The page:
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November 1994

Absence of Anti-Single-Stranded DNA Antibodies in Vulvar Lichen Sclerosus et Atrophicus

Author Affiliations

Division of Dermatology and Cutaneous Surgery Department of Medicine University of Florida College of Medicine PO Box 100277 Gainesville, FL 32610-0277

Gainesville, Fla

Arch Dermatol. 1994;130(11):1454-1455. doi:10.1001/archderm.1994.01690110124031

Morphea and lichen sclerosus et atrophicus (LSA) are two cutaneous disorders with an unclear cause. The two disorders have been reported to occur in the same patient.1,2 Thus, a common link has been proposed. However, Patterson and Ackerman3 feel that morphea and LSA are two unrelated, distinct diseases.

The most frequent specific anti-nuclear antibodies in localized scleroderma are anti-single-stranded (ss) DNA antibodies. The reported prevalence ranges from 38% to 75% of cases.4,5 The anti-ss DNA antibodies are observed with greater frequency in generalized morphea and linear scleroderma, especially in active or extensive cases, compared with morphea. Nonetheless, even morphea revealed a prevalence of anti-ss DNA antibodies in 27% of the cases studied recently.4 Because of the prevalence of this antibody in localized scleroderma, we decided to study the frequency of this antibody in LSA.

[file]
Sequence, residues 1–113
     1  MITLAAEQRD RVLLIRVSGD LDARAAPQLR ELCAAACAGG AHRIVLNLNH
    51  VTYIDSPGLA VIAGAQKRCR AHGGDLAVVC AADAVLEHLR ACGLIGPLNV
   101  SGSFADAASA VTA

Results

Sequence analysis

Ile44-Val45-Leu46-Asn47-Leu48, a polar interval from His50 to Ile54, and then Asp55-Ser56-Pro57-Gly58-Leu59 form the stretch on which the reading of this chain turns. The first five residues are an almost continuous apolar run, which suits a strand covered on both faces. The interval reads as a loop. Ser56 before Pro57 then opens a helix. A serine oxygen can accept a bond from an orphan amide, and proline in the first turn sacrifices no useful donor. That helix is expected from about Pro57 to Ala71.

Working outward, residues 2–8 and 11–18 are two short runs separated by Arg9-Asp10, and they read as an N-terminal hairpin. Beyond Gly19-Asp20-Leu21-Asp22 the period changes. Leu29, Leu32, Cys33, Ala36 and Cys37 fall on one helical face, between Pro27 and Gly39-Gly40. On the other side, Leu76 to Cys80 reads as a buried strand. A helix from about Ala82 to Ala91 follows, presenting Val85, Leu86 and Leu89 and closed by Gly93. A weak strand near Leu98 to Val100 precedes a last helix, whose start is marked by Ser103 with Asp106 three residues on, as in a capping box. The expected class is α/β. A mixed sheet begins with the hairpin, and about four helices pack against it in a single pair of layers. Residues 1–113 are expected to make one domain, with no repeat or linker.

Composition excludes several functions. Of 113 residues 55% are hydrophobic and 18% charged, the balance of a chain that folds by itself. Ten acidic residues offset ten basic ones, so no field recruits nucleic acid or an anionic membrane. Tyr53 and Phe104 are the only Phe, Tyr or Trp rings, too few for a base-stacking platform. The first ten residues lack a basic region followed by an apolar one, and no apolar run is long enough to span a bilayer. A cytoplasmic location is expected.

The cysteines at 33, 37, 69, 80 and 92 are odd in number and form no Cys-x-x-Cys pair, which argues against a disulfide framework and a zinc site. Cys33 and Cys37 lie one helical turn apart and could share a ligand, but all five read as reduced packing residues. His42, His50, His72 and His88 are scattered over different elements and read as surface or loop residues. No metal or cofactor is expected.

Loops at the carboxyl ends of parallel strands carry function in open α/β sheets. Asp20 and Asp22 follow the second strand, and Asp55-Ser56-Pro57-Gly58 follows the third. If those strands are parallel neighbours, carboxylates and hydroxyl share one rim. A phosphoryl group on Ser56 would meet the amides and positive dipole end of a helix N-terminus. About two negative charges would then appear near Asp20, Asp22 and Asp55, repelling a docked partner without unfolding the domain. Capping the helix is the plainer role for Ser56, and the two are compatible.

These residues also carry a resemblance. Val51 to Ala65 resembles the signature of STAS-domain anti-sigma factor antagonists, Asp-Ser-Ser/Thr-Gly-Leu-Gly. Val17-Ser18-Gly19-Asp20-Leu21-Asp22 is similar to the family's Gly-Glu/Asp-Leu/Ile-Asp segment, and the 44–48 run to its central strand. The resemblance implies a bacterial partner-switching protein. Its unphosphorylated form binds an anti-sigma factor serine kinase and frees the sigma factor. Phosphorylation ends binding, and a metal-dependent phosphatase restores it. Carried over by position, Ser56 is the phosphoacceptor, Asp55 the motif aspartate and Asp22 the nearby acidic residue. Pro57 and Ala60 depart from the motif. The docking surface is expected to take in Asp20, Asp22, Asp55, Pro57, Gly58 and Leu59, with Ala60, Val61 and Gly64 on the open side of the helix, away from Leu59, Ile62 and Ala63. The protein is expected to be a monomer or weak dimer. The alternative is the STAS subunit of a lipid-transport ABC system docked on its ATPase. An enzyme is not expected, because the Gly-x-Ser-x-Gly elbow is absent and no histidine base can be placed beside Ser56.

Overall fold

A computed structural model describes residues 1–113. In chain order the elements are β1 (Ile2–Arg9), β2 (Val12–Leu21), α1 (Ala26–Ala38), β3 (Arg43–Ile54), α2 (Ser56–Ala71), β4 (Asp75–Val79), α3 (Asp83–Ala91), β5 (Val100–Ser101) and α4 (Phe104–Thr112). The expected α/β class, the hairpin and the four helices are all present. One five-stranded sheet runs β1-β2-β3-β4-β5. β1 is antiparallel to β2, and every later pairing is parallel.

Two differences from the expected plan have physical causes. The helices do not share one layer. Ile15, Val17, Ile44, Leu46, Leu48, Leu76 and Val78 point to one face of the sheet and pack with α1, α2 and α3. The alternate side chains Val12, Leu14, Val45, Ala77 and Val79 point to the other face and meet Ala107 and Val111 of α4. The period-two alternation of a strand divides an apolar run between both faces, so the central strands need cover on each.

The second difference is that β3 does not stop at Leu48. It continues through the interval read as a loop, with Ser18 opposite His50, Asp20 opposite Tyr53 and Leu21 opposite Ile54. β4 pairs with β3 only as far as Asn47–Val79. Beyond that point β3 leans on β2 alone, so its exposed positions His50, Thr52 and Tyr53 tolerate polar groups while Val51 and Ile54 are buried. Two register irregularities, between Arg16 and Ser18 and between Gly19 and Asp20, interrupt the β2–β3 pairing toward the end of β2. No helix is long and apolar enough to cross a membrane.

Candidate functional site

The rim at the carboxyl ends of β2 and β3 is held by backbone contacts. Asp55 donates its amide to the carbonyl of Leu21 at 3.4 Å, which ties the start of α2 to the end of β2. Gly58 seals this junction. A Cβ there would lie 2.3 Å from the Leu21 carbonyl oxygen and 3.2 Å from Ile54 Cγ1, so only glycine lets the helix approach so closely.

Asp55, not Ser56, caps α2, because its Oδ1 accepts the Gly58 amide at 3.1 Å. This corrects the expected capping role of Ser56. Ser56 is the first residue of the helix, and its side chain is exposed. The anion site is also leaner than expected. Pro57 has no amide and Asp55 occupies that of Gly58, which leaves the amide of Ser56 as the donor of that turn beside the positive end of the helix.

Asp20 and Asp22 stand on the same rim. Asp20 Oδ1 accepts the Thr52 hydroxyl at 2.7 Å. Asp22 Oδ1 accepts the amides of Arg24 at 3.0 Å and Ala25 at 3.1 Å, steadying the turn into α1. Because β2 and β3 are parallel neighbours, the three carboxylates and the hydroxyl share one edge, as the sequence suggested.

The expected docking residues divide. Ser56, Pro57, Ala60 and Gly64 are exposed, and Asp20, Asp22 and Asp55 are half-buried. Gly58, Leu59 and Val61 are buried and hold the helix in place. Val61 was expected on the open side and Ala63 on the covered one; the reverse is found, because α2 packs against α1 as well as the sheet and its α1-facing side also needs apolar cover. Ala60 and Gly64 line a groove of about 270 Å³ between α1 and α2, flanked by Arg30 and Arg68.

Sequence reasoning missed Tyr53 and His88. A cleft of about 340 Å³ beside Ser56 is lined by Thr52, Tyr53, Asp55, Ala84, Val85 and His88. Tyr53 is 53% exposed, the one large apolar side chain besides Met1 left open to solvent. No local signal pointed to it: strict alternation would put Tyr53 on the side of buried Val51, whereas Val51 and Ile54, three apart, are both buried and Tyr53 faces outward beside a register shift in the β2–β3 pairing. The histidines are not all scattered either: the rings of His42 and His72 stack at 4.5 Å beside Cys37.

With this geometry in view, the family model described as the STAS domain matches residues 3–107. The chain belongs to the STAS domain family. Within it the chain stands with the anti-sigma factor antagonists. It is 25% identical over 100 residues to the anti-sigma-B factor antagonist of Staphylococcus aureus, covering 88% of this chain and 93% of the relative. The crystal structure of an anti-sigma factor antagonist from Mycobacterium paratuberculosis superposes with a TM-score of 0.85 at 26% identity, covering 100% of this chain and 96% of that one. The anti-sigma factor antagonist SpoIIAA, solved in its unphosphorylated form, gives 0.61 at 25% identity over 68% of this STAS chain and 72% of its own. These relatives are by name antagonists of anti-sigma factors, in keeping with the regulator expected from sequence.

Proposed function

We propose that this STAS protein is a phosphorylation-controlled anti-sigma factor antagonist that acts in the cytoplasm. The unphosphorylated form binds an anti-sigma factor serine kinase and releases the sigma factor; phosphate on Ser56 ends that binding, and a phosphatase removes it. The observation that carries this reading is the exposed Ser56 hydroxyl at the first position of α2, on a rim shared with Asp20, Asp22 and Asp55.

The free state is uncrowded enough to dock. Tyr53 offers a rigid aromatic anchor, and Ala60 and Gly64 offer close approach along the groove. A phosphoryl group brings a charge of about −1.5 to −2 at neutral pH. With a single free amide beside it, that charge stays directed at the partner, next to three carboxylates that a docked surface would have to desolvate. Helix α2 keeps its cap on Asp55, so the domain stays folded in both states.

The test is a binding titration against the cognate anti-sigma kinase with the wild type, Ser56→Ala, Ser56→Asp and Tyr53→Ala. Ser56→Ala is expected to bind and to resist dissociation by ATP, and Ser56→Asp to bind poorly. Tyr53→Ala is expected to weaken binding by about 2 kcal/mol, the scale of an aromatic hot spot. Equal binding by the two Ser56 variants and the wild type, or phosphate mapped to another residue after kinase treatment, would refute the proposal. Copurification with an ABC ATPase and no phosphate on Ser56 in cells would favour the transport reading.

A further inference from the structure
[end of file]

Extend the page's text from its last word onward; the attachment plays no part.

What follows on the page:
Patients and Methods.  Six patients with clinical and histologic evidence of vulvar

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